"We found that the cathodes were limiting the power densities we can produce in these MFCs," Popat says. "This is very surprising because, in chemical fuel cells, the same catalyst allows much greater power densities."
A key to the disparity lies in the fact that MFC's, unlike chemical fuel cells, must operate at neutral pH in the anode chamber to ensure optimum growth and activity of the microorganisms catalyzing the reactions. At the cathode, OH- ions cause a local increase in pH, due to a limiting rate of their transport. Further, every unit of pH increase at the cathode results in a loss of 59 millivolts of energythe authors found that the local cathode pH could easily reach >12, representing a substantial loss.
To attempt to remedy this situation, the group conducted a detailed examination of transport properties at the cathode. An ion exchange binder contained in the cathode usually assists transport of ions to the surrounding electrolyte. Normally, this binder is made from a material called Nafion, which the authors explain is good for transporting positively charged cations like protons, but a poor conductor of negatively charged anions like the hydroxide ions that accumulate at the MFC cathode, or anionic buffer species, such as phosphates and bicarbonates, that help transport OH- ions.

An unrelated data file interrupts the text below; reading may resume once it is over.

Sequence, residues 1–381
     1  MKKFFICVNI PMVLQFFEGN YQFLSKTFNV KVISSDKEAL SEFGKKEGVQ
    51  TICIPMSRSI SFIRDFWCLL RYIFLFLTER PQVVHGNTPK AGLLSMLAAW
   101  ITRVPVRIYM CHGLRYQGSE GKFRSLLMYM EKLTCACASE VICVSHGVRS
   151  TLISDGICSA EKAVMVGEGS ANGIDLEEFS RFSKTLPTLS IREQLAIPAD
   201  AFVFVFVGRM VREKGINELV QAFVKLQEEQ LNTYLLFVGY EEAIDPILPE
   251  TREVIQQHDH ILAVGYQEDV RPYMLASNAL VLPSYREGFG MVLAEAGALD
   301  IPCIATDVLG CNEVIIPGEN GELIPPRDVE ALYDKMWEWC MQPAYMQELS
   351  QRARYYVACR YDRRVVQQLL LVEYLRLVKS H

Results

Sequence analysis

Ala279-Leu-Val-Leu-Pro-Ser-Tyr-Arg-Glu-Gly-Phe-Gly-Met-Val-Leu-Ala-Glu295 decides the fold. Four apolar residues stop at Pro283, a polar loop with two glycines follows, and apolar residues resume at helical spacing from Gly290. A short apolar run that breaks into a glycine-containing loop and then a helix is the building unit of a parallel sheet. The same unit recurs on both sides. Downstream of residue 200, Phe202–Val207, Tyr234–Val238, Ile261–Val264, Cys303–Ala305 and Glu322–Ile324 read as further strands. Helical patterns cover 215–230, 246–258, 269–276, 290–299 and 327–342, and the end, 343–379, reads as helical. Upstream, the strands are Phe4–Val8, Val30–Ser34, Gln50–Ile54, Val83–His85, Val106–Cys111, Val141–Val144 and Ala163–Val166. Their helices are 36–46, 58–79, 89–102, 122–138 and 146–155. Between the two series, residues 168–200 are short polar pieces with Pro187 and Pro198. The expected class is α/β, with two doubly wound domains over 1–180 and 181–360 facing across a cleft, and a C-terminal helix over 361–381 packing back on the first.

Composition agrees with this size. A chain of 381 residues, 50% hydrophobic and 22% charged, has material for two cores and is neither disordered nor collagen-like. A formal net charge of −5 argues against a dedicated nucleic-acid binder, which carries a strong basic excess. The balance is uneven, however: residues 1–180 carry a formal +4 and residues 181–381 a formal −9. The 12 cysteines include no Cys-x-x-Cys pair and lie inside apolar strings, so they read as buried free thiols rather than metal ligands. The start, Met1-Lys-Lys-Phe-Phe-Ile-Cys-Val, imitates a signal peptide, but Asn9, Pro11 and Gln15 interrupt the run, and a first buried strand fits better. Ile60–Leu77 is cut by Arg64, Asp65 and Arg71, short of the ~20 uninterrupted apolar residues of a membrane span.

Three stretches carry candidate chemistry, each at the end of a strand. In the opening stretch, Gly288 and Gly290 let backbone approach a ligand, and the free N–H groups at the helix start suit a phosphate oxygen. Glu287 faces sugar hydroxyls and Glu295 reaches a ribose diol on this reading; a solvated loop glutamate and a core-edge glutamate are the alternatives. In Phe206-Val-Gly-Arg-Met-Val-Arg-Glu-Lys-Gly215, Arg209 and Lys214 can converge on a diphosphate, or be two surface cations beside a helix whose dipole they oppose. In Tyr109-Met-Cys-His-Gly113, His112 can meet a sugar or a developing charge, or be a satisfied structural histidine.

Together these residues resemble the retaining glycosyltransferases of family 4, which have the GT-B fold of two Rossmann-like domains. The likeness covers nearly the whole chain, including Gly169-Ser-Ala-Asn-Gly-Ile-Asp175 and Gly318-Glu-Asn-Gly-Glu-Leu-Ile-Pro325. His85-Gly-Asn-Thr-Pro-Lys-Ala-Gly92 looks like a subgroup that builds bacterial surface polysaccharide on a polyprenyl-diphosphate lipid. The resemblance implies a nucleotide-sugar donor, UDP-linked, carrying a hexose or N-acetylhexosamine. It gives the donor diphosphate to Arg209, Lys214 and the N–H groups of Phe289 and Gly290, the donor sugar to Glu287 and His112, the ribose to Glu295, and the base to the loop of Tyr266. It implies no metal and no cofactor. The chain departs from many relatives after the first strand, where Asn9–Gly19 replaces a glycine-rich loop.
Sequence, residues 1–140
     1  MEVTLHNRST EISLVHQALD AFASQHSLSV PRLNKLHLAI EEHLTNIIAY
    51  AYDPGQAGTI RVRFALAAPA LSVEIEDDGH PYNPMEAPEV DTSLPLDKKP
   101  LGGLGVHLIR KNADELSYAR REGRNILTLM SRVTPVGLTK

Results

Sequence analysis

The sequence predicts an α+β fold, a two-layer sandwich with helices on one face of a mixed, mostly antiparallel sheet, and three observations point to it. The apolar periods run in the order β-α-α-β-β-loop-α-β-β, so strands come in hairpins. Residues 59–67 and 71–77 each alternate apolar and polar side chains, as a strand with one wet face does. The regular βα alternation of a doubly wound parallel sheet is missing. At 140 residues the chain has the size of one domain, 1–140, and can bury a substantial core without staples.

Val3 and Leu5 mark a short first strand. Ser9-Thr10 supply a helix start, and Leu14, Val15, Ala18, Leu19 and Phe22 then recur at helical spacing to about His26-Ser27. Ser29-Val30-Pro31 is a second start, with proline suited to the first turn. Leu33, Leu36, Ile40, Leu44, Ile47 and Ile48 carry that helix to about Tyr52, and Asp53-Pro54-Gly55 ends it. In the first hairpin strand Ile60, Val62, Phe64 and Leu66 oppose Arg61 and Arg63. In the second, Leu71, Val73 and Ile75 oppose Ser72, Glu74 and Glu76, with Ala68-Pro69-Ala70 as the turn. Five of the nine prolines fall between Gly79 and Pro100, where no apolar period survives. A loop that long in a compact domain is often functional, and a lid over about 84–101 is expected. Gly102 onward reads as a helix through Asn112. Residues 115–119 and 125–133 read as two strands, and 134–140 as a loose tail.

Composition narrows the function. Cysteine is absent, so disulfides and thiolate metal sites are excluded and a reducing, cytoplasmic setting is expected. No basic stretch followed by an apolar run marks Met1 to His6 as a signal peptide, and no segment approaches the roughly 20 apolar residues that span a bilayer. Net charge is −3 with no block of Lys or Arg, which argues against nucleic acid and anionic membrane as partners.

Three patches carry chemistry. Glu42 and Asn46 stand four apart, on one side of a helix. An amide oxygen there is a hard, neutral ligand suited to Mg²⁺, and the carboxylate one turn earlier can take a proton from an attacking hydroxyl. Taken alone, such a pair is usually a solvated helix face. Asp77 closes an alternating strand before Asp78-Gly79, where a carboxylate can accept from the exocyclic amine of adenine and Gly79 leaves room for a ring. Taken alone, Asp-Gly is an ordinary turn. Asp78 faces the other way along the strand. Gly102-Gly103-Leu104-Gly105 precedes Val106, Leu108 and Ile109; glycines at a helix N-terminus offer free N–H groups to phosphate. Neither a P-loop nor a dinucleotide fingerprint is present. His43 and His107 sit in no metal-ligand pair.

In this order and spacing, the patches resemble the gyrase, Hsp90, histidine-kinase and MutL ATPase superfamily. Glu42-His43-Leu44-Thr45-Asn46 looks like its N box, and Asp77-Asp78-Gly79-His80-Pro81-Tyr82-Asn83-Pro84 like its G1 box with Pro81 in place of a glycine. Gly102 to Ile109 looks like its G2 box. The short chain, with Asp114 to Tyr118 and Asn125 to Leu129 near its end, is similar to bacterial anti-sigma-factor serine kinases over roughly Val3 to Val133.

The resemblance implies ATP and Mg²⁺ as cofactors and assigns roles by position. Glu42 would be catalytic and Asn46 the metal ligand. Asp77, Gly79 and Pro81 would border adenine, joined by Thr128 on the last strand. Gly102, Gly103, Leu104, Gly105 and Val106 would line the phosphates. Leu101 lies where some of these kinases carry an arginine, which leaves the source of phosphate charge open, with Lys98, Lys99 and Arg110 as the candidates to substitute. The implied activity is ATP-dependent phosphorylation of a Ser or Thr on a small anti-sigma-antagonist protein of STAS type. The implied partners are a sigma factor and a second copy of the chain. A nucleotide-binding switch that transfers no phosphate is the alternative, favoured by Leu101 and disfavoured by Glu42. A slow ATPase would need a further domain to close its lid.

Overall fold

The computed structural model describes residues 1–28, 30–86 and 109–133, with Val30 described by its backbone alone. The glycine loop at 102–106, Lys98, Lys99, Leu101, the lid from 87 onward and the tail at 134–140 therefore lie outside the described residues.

An experimental polymer known as AS-4, which has high anion-exchange capacity, was substituted for Nafion as a cathode binder in the study. The modification ensured the efficient transport of hydroxide ions and improved the performance of the cathode. The study showed that OH- transport could be further enhanced by adjusting pH directly, though the addition of CO2 mixed with air as a buffer for the cathode catalyst.
The study represents the first comprehensive analysis of cathode limitations in MFC's and will further the development of these systems through refinement of materials and operating
|Contact: Joseph Caspermeyer|
Arizona State University